Tag Archives: winter crops

409-414 D. Janušauskaitė and A.Velykis
The influence of the expansion of winter crop proportion in the rotation structure on soil biological activity
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The influence of the expansion of winter crop proportion in the rotation structure on soil biological activity

D. Janušauskaitė¹ and A.Velykis²

¹Plant Pathology and Protection Department, Lithuanian Research Centre forAgriculture and Forestry Akademija, Dotnuva, Kedainiai District, Lithuania, LT-58344; e-mail: daliaj@lzi.lt
²Joniskelis Experimental Station, Lithuanian Research Centre for Agriculture and Forestry,Joniskelis, Pasvalys District, Lithuania, LT-39301; e-mail: velykisalex@gmail.com

Abstract:

The effect of the expansion of the winter crop proportion in the crop rotation structure under conditions of conventional (ploughing) and sustainable (reduced) soil tillage on soil biological properties was investigated on a clay loam Gleyic Cambisol at the Joniskelis Experimental Station of the Lithuanian Research Centre for Agriculture and Forestry over the period 2004–06. The effect of a different proportion of winter crop in the rotation on microbial populations in soil was influenced primarily by the weather conditions during the growing seasons. In different years, the number of ammonificators ranged from 5.68 to 28.37 mln g-1, the number of mineralizators ranged from 8.23 to 37.01mln g-1, fungi from 28.55 to 101.46 thousand g-1 of soil. The soil microbial amount was higher under wetter conditions. The numbers of microbes differed between soil tillage systems and had diverse impact. The number of ammonificators did not differ markedly between the soil tillage treatments; however, the number of microbes in the conventionally tilled plots exceeded that in the sustainable tillage system by 5.57%. The sustainable tillage system was positive for N assimilators and fungi. Increasing the winter crop in the rotation did not exert any strong positive effect on all microbes. Increasing the winter crop proportion was favourable for micromycetes. More bacteria were found in the rotation with 25% of winter crop, more mineral N assimilators were found in the rotation with 25% and 50% of winter crop, and fungi max under 50%, 75% and 100% of winter crop in the rotation.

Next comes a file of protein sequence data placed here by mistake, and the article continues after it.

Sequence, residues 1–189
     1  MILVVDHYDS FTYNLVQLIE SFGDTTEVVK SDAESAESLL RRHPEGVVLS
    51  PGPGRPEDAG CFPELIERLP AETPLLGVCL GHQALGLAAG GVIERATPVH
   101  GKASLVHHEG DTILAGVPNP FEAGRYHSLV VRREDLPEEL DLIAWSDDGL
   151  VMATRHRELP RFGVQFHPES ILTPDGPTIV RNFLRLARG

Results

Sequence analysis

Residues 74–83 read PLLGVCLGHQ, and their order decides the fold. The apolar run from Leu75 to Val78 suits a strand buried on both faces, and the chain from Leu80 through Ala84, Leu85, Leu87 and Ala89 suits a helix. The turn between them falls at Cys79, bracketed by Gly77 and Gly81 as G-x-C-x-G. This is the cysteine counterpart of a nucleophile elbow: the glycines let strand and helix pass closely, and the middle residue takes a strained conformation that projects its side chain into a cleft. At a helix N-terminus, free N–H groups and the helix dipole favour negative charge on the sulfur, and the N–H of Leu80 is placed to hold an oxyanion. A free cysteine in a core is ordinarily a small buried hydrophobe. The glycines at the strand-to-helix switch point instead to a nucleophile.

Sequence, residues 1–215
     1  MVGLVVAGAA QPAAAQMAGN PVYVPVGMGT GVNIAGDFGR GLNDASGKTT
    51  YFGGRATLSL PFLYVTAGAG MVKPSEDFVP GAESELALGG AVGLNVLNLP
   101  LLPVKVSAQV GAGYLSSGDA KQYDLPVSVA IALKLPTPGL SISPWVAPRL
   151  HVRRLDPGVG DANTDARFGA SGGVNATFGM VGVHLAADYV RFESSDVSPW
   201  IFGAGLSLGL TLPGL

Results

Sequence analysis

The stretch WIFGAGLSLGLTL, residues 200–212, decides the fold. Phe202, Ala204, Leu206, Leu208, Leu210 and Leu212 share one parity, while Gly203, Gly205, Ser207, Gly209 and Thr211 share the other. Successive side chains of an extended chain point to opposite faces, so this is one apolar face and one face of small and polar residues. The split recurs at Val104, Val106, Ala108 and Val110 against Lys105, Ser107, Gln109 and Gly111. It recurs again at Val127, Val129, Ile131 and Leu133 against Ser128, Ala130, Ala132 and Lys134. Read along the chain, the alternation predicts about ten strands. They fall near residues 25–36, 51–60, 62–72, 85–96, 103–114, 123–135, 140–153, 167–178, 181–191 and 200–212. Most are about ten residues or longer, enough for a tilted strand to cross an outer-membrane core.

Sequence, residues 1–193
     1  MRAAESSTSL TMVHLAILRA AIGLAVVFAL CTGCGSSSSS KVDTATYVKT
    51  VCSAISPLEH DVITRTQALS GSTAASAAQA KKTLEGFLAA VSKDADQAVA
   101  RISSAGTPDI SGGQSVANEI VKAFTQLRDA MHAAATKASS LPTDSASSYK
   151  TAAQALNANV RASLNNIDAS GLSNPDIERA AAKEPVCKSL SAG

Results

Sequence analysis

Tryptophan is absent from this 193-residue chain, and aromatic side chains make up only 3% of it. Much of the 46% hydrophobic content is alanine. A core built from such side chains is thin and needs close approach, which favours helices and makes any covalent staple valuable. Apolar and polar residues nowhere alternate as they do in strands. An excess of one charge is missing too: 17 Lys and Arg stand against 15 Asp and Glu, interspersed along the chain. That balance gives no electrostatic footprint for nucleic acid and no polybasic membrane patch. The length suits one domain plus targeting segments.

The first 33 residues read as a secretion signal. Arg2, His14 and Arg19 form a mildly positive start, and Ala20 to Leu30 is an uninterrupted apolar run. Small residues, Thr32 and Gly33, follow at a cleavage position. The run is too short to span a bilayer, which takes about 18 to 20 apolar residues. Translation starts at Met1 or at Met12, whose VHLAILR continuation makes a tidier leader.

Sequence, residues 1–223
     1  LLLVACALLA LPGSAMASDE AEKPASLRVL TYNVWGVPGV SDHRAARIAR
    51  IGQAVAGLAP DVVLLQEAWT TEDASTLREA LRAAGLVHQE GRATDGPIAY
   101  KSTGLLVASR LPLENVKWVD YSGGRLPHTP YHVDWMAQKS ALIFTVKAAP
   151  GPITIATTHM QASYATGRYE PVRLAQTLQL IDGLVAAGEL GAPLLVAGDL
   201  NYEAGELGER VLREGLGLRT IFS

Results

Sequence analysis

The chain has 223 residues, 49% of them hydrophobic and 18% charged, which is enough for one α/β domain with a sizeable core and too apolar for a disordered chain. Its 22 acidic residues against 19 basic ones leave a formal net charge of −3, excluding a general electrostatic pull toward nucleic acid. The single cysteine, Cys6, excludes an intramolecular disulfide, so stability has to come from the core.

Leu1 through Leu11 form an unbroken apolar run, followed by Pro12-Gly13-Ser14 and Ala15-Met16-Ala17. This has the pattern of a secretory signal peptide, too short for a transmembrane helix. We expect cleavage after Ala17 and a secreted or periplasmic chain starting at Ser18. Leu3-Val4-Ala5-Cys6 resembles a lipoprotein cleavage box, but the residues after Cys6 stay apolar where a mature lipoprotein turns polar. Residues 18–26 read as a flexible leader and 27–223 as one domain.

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211–218 A. Velykis and A. Satkus
Soil protection value of winter crops and reduced tillage on clay loams
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Soil protection value of winter crops and reduced tillage on clay loams

A. Velykis and A. Satkus

Joniskelis Research Station of the Lithuanian Institute of Agriculture, Joniskelis, LT-5240 Pasvalys District, Lithuania;
Tel/fax: 370-71-38224; e-mail: joniskelio_lzi@post.omnitel.net

Abstract:

Experiments to reduce soil physical degradation were carried out at Joniskelis Research Station of the Lithuanian Institute of Agriculture over the period 1998–2002. The soil of the experimental site is characterised as glacial lacustrine clay loam on silty clay (Gleyic Cambisol). The following was investigated: Factor A. Crop rotations with different proportions of winter and spring crops (1. Without winter crops; 2. Winter crops 25%; 3. Winter crops 50%; 4. Winter crops 75%; 5. Winter crops 100%), growing annual and perennial grasses, spring and winter wheat, triticale, and barley. Factor B. Soil tillage systems: 1. Conventional (primary soil tillage was performed by ploughing); 2. Sustainable (after grasses the soil was ploughed, after other preceding crops the soil was loosened without inverting the topsoil). Our experimental evidence suggests that increasing winter crops in the crop rotation reduced compaction of the topsoil from high to moderate, maintained up to 37.3% of higher productive moisture reserves, improved water to air ratio, and increased the crop rotation productivity up to 44.7%. The application of reduced primary tillage in a sustainable system had persistence of high soil compaction and 8.0% lower air-filled porosity at the bottom of the topsoil, but the whole topsoil reached physical maturity more evenly in the spring. The grain yield of cereals was 6.4% lower compared with the yield after conventional soil tillage. On these clay loam soils, spring cereals were more sensitive (poorer performance) to reduced soil tillage compared with winter cereals.

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